My Child Doesn't Tell Me What They Do at School
You pick your child up from school and want to know what they did all day. You’re interested in what they learned, who they played with at recess, if they had a conflict with a classmate, and if they liked their lunch. Some children love to share the news of their school day with their parents, but others are more reserved and their answers are rather monosyllabic. If you wonder why your child doesn’t tell you what they do at school, keep reading the following article. We’ll tell you what you want to know.
School as the first autonomous space for children
Children spend a large part of their day at school. It’s the first significant space outside the family context. That’s to say, it’s the first social institution in which little ones perform autonomously as individual and social subjects. Now, they fulfill a social role in a place with specific norms and codes.
Entering school marks an abrupt change in the child’s routines: It’s the passage from intimate life to public life.
Everything that happens there escapes the eyes and ears of their parents. They only receive information indirectly from meetings with teachers, and principal, through encounters with other parents, or from what their children tell them.
Regardless of the child’s age, the mere fact of being a student demands the establishment of autonomous relationships. With their classmates, with students in other classes, with their teachers, with administrative staff, and with the educational community in general. Therefore, they establish these relationships from an active and protagonist position.
My child doesn’t want to tell me about their school day: Why?
We begin from the premise that school carries a very significant value in the construction of one’s own identity, beyond the home environment. Therefore, it makes sense that some children choose not to elaborate on their answers to the question about how they’ve been at school.
However, it’s important to make sure that their silence isn’t associated with some problematic situation they’re experiencing at school that they don’t know how to deal with. In this regard, it’s essential to pay special attention to their general mood and behavior.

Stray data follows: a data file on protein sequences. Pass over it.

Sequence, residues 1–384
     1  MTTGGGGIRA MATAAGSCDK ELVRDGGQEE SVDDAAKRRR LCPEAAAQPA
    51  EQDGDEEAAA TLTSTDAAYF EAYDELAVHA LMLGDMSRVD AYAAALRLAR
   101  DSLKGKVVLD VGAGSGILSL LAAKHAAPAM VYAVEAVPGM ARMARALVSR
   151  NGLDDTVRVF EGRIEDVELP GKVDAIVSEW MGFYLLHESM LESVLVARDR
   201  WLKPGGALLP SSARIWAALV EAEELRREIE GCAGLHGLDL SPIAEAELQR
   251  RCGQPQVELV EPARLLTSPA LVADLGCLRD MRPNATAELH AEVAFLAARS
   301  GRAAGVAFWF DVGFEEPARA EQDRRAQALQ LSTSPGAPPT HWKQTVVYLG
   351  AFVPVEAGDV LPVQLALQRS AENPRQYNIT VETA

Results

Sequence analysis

When should we worry if my child doesn’t want to tell me about their day at school?
If your child’s a person who’s usually very talkative and outgoing, but all of the sudden stops talking about what happens at school, this should serve as a red flag. In this case, you can get involved to make them feel that they can trust you and, if necessary, request a meeting with their teachers.
However, if you’re not the least bit surprised by their terse communication, as you find to be typical of their personality, you shouldn’t worry. Remember that this is a stage of building their first autonomous bonds. Besides, they don’t have to tell you everything. However, there’s another possible reason that could explain their lack of dialogue: It’s not that they don’t want to tell you, but that you’re asking them the wrong questions.
Strategic questions to encourage dialogue
How was school today? That’s too general and unspecific a question. So it’s not surprising that the answer is also general and unspecific. Here are some more creative ideas for a longer, richer discussion:
- What was the most fun you had at school today?
- What was the most interesting part of your day?
- What was the most boring thing you did?
- Did you feel bad at any time today?
- If you were the teacher, what would you like to do in class?
- What was the best and worst thing about your day?
When children prefer to keep information to themselves, we should respect them
Most parents are very curious to know what their children have done during the school day, which is understandable. However, it’s also valid if your child doesn’t want to tell you.
In these cases, it’s imperative not to pressure them to talk, much less assume that they should know absolutely everything that’s going on. This only hinders trust and hinders fluid communication. Children will be more willing to talk as long as they perceive the dialogue with their parents as safe, free, and empathetic.It might interest you...